Wednesday, December 23, 2009

Pittsburgh's Library for the Blind converts to digital audio books

From PR Newswire:

PITTSBURGH -- Carnegie Library of Pittsburgh's Library for the Blind and Physically Handicapped (LBPH) has announced it is beginning distribution of new digital audio books and digital players to its customers. The digital books and players will eventually replace the now outdated analog audio cassette books and cassette book machines which library customers have used since the 1970's.

LBPH loans audio books, audio players, and large print books to approximately 10,000 readers with visual and physical disabilities in 36 Western Pennsylvania counties. The books are sent through the mail to library patrons postage-free.

LBPH is a member library of the National Library Service for the Blind and Physically Handicapped (NLS), part of the Library of Congress. After years of planning, testing and soliciting feedback from users, NLS has developed a digital system that marks an exciting new phase for readers with visual and physical limitations.

The digital system has many advantages. Slightly larger than a credit card, the digital audio book is a flash cartridge that provides clearer sound quality. Most books will fit on a single cartridge that will play to completion without flipping sides. The format is highly reliable since the cartridge has no moving parts that can break or tapes that can tangle.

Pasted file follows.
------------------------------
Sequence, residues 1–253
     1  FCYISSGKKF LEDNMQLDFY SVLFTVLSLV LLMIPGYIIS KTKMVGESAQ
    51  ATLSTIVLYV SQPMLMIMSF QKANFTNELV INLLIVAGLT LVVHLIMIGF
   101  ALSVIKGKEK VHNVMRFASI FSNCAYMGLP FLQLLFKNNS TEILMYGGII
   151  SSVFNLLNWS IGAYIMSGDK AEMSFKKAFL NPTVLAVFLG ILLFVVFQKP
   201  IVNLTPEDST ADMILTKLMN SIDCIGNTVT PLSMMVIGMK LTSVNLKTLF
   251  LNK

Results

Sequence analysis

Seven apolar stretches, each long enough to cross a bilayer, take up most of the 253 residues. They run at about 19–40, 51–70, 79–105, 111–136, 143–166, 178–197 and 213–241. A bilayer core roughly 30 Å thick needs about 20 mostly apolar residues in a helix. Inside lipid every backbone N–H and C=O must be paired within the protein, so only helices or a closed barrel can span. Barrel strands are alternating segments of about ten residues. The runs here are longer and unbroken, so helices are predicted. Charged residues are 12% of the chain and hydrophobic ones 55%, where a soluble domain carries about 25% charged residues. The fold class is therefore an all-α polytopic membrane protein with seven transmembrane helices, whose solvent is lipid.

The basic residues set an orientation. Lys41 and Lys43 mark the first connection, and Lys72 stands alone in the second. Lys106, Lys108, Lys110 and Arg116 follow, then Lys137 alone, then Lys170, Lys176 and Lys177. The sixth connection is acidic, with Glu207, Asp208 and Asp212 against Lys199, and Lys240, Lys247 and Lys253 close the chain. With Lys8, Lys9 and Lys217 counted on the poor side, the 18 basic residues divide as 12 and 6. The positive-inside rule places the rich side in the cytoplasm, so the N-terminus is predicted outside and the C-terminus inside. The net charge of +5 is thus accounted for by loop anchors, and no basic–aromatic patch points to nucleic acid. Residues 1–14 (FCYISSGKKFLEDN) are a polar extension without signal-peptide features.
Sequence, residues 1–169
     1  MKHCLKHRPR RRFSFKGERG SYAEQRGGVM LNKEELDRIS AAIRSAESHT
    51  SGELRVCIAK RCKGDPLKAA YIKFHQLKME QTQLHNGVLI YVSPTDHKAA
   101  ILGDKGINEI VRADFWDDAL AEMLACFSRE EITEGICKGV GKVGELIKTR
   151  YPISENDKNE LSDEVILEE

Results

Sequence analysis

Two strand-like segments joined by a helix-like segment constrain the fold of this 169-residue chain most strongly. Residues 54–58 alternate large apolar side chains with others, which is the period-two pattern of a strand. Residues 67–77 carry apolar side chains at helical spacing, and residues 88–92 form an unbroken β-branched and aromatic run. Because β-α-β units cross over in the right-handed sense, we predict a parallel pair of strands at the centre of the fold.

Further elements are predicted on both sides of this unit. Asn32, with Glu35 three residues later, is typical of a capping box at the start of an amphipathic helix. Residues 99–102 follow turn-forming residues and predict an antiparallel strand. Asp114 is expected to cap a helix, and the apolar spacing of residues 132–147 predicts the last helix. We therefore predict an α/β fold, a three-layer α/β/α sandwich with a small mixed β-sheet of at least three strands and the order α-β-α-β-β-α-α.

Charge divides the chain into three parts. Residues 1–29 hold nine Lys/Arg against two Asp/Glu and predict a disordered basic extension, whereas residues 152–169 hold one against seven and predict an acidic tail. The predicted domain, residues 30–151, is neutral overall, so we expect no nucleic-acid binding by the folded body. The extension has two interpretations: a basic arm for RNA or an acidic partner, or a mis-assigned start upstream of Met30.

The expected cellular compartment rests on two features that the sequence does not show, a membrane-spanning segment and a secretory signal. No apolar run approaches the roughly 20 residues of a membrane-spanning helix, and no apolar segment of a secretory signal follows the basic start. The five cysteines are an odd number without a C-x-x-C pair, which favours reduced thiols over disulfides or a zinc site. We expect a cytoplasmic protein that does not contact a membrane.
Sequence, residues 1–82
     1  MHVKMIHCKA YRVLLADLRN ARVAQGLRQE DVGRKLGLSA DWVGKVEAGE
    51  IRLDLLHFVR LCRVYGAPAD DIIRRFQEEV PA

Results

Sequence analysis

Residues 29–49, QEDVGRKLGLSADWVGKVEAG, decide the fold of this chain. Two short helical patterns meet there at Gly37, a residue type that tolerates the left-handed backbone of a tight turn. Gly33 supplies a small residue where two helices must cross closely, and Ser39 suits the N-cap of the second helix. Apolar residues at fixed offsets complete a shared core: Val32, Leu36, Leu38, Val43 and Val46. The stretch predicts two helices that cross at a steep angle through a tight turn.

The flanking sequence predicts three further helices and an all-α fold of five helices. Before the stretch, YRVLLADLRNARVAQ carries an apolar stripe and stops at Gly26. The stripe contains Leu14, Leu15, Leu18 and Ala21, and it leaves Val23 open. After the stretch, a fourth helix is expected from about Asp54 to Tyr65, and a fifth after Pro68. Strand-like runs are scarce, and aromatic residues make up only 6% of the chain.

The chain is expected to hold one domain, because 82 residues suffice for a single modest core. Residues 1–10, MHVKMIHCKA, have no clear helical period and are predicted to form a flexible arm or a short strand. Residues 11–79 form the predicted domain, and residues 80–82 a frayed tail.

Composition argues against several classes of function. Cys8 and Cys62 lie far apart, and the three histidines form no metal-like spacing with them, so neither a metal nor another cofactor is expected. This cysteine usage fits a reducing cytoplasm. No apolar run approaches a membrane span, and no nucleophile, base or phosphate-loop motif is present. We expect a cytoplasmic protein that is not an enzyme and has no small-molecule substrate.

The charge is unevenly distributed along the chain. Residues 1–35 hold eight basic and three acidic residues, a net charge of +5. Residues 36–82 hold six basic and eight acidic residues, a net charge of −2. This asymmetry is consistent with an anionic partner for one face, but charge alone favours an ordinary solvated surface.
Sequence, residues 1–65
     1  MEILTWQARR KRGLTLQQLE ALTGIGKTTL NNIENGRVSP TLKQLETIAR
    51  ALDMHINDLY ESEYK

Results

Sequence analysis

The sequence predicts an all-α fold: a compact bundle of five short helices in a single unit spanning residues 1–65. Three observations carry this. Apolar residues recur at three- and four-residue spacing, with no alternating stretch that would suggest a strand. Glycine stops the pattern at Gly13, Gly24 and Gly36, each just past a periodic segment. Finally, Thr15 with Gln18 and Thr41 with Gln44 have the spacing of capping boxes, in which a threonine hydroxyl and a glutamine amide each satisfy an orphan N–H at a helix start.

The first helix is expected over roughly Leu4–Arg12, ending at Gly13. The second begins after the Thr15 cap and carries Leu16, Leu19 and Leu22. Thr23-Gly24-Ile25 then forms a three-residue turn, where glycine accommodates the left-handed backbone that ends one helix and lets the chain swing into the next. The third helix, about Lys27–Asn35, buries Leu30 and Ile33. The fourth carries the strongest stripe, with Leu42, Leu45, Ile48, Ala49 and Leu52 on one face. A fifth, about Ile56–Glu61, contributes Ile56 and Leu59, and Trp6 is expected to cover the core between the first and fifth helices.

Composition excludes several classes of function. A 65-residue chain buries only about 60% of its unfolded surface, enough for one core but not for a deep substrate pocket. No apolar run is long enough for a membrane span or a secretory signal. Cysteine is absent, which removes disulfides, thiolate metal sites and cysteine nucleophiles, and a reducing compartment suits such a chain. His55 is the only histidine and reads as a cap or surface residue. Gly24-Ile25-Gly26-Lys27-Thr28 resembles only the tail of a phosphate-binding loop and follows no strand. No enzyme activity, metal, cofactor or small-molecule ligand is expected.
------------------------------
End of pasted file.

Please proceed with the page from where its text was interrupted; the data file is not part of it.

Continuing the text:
Smaller and lighter than the audio cassette machine, the digital player is more portable. The player has an internal battery that holds a charge for 30 hours as compared to 6 hours with the cassette player. It also has enhanced navigation features that allow the reader to jump to various sections. Consumers who tested the digital player appreciated its superior sound quality, tone, volume responsiveness and variable speed capability as well as its index and bookmark features.

LBPH Director Kathleen Kappel explained, "Digital talking books are the most revolutionary change to LBPH services since Thomas Edison's 'talking record' in 1934. Readers get better sound, the ability to skip to other sections and a practically indestructible format. We hope to attract thousands of eligible Pennsylvanians. No one should be denied reading."

To utilize LBPH services, readers with disabilities must first register with the library. Individuals who cannot read standard size print, hold books steady or turn pages qualify. Many LBPH customers are older adults with illnesses such as diabetes, Parkinson's disease, macular degeneration or severe arthritis. Those with reading disabilities caused by conditions such as dyslexia or stroke also qualify. Nearly 160,000 Pennsylvanians with disabilities are eligible for these library services, and the number will increase dramatically as the baby boomers age.